The role of Frank Sidebottom is a departure for Fassbender, I think, but he masters the performance and the musical talent of the main character. Fassbender’s voice is key in the film as he performed many of the songs by the Soronprfbs and had to act, for the most part, without using any facial expressions.

After Burroughs lands a gig with the band Don (McNairy), the manager, invites him to record an album at a remote cabin in the woods. He immediately agrees and after a lengthy stay there sets his sights for the band on performing at the South By Southwest music festival in Austin, Texas. The rest of the band isn’t aware of Burroughs’ goals for some time, much less the fact he is promoting the band on Twitter and YouTube.

In their time together the Soronprfbs experience conflict, tragedy and happiness, which are themes displayed throughout the film. On the surface the theatrical telling of this true story is portrayed with quirk and humor, but the filmmakers reveal the true persona of Frank, and all the characters for that matter, by the end.

Frank is still in theaters, including the Lagoon in Minneapolis and is coming soon to St. Anthony Main. It will be on DVD on Dec. 8, 2014.

Wow this is getting long, I guess that’s what happens when I don’t work on my blog for a really long time.

I have plans to go to brunch and play Bingo, yes at the same time, soon so I better wrap this up.

Looking back on what else I saw this summer, “Obvious Child” starring Jenny Slate was by far my favorite film. I chose wisely with the aforementioned blockbusters “22 Jump Street” and “Guardians of the Galaxy”and I enjoyed “Happy Christmas” and “Boyhood” as well.

As for what’s to come I’m pretty excited about “Nightcrawler,” starring Jake Gyllenhaal as a freelance crime journalist in Los Angeles.

Bennett Miller’s “Foxcatcher” starring Channing Tatum and Steve Carrell is top on my list as well and David Fincher’s “Gone Girl” is looking better and better. The first trailers make the film look pretty cheesy, for lack of a better word, but I actually think the on-screen version of the story will be better than the book. Author Gillian Flynn is also the screenwriter, so it will be interesting to see how she turns around her own novel.

if you didn’t know the film is especially creating excitement in Cape Girardeau, Mo., where the story takes place and the cast and crew spent time filming during the last year. My aunt lives there and said the local movie theater will show the film on every screen during its opening weekend and a lot of other events are planned around the premiere. Maybe Ben Affleck will be there, in which case I will be too.

Gosh, I haven’t even covered all the movies I wanted to (including “St. Vincent,” and “Birdman,”) but if I do I will be late for Bingo.

As John Hodgman says, “That is all.”


For Wiggles and Giggles

As far as I know, the phrase “wiggles and giggles” has nothing to do with movies but I did hear it a lot from the guy who was fixing the heat at my office this week. He was talking on the phone with his boss or someone to help alleviate the problem and repeatedly said well, for “wiggles and giggles” why don’t we try this?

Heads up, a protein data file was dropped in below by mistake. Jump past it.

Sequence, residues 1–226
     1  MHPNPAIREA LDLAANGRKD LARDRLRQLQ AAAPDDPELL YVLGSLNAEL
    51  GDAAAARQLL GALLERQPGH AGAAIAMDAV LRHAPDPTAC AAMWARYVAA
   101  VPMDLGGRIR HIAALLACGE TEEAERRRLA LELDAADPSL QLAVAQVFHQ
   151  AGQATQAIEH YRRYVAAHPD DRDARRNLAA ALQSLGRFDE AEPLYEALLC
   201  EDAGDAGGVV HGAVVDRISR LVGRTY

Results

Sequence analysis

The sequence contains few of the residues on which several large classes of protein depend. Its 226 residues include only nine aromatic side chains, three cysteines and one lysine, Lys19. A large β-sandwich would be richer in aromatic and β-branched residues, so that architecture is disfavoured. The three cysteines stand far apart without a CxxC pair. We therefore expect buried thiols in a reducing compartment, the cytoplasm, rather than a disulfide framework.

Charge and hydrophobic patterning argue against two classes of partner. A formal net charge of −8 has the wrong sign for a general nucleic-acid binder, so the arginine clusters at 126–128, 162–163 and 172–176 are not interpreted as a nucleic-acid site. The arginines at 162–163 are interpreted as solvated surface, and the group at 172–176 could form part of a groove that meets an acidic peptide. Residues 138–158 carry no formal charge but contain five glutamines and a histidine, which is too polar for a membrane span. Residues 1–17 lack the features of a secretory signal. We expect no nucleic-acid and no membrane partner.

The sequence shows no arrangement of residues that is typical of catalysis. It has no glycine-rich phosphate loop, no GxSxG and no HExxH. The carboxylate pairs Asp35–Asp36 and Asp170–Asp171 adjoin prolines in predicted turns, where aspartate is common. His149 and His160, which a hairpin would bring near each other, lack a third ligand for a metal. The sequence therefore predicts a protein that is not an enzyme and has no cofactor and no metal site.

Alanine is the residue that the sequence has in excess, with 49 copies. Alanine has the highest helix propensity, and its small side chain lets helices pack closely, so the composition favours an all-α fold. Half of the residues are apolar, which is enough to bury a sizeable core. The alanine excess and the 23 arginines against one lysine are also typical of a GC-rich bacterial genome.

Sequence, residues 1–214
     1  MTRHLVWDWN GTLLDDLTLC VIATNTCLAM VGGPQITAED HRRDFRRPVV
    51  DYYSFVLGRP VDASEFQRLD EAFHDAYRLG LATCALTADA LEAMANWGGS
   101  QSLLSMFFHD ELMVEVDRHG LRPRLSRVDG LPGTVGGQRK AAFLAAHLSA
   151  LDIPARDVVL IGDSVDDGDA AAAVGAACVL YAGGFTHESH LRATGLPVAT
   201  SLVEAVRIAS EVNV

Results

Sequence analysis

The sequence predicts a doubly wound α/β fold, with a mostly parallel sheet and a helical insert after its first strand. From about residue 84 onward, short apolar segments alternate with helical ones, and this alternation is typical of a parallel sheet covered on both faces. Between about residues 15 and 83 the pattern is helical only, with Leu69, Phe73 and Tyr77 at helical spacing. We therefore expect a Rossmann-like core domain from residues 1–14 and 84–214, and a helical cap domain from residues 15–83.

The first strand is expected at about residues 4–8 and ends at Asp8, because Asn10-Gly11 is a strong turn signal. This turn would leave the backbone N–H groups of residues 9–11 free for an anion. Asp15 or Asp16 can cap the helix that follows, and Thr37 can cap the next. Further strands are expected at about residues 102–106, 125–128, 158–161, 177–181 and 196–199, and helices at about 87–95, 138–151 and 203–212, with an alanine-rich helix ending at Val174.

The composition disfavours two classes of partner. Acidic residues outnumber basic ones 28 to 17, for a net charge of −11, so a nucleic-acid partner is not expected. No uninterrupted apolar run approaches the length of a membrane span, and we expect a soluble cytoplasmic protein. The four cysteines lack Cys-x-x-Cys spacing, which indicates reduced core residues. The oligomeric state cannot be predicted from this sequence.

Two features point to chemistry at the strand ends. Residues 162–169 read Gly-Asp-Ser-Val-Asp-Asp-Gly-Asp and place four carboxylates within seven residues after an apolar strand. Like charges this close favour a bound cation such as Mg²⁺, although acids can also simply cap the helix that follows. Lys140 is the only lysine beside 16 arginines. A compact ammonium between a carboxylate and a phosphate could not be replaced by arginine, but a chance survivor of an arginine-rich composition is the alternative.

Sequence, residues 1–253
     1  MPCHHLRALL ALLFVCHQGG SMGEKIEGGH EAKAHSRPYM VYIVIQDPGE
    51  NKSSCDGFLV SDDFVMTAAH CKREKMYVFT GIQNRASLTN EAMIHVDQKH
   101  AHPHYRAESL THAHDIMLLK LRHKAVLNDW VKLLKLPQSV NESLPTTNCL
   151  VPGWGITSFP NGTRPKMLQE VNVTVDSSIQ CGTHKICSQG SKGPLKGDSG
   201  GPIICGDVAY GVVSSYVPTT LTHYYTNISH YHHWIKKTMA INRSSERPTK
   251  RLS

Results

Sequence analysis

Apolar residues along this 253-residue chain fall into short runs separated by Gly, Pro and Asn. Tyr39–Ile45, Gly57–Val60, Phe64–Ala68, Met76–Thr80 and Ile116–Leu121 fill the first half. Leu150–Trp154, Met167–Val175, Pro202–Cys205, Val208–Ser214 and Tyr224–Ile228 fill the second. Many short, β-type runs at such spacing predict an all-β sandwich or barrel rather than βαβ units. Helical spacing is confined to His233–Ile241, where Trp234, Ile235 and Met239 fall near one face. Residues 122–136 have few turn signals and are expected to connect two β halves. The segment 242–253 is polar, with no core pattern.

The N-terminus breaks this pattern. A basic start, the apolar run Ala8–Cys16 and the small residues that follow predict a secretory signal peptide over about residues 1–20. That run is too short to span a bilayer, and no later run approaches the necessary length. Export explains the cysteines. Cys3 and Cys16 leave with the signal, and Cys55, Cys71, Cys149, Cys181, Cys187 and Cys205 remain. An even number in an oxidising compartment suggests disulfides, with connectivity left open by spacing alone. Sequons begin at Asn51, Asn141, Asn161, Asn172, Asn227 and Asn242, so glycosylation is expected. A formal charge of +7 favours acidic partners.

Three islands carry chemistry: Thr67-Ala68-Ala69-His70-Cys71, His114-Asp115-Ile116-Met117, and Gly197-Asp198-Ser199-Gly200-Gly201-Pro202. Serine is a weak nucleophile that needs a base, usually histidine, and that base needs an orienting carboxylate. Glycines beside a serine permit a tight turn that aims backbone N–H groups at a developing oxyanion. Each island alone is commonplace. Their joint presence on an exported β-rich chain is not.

So, for wiggles and giggles here are some movies and television shows I am excited about at the moment.

My buddies Andy Greenwald and Chris Ryan over at Grantland said, during one of their many podcasts about Matthew McConaughey’s revival, that Jake Gyllenhaal is another fellow to watch out for on the big screen.

if there were a catch phrase like “McConaissance” that worked with his name I’d use it here.

untitled 3Post “Prisoners,” Gyllenhaal is working with director Denis Villeneuve again playing a real doppelganger role in “Enemy.”

Need I say more? The trailer is really all I needed to be on board for this film. Even though I didn’t like “Prisoners,” Gyllenhaal’s performance as Detective Loki did save the film.

Also of note is the upcoming “Nightcrawler” with Gyllenhaal as a man who discovers the underground world of freelance crime journalism in Los Angeles. Plus Rene Russo is in it. Maybe 2014 will be her year too. (No disrespect, “Major League” is one of my favorite movies.)

untitled 2I’ll conclude this stream of consciousness with another little tidbit I heard about on Grantland, the show “The Strain” coming out on FX in July. It stars Corey Stoll (who I really liked on “House of Cards”) as a doctor in New York City investigating, “a mysterious viral outbreak with hallmarks of an ancient and evil strain of vampirism.” Guillermo del Toro will be behind the camera as a writer, director and producer working with vampire-trilogy author Chuck Hogan.

I don’t know anything about the books and I have not followed the vampire craze in Hollyweird, but something makes me think this small-screen debut will be where it’s at.

Okay, that is all for today.

Oh wait! I didn’t watch it yet but my coworker told me about the documentary (on Netflix streaming) “The Price of Gold.” If you didn’t already guess, the film dissects the story of Tonya Harding and Nancy Kerrigan before “the attack.”

Watch it, you know, for wiggles and giggles.